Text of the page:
Set against the antebellum South, THE BIRTH OF A NATION follows Nat Turner (Nate Parker), a literate slave and preacher, whose financially strained owner, Samuel Turner (Armie Hammer), accepts an offer to use Nat's preaching to subdue unruly slaves. As he witnesses countless atrocities - against himself and his fellow slaves - Nat orchestrates an uprising in the hopes of leading his people to freedom.Written by
Fox Searchlight Pictures
Academy Award-nominated filmmaker Norman Jewison tried to establish a film project about the life of Nat Turner in 1969. See more »
The accents used in the film are typical of the modern deep south, not of the Tidewater region of Virginia in the first half of the 19th century. See more »
You need to tell me who done this to you. 'Cause I'm gonna take care of it, you hear? On my soul. I need you to tell me now.
"Put up again thy sword into His place. For all they that take the sword... shall pass with the sword." You taught me that.
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I strongly disapprove of the fact that this movie has gotten a lot of IMDb thumbs-down from people who most likely haven't seen it, but just disapprove of a movie about slavery, as well as one whose director has a problematic past.
However, that's not what I'm writing about here. I DID see the film (at a film festival), and my disappointment is based on the movie itself, not politics or anything else external. "The Birth of a Nation" is about a very important chapter in US history, yet it sanitizes that history to a ridiculous degree. I think most non-blatant-racists can agree that an uprising amongst slaves is a thing that inherently generates empathy. Yet this movie apparently doesn't agree--it needs to sanitize the mental health of Nat Turner (who was on record as saying God directly told him what to do from an early age) as well as pretend women & children weren't killed in the Turner uprising. I'm not saying these things were justifiable. What I'm saying is that they're part of a complex historical record, and shouldn't have been left out of a movie that purports to tell the "truth." That would be fine if "Birth" were one of many Nat Turner movies out there, but it's the only one most people are likely to see.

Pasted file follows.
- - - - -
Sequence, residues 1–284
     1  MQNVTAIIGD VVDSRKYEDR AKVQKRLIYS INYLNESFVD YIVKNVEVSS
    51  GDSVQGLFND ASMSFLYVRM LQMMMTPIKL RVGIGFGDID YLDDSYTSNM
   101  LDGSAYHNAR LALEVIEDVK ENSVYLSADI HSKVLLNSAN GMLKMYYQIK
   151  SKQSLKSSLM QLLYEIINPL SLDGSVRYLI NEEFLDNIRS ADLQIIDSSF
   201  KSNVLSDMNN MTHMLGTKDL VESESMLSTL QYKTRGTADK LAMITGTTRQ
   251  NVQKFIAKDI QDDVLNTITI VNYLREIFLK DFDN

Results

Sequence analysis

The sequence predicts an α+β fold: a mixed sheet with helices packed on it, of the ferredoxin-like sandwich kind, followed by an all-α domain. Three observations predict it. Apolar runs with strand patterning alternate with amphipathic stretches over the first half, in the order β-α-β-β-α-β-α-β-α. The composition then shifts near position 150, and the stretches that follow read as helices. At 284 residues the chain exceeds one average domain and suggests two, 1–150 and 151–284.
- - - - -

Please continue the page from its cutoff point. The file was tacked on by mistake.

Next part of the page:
It's also a pandering, middle-of-the-road "inspirational" movie, so much less complex a take on slavery than the recent "12 Years a Slave." While that movie was a work of art, this is more like a TV movie in style and content. I just wasn't impressed by it. I wish somebody would make great Nat Turner movie. This isn't it. And sorry, a bad populist telling of the tale isn't better than no telling.
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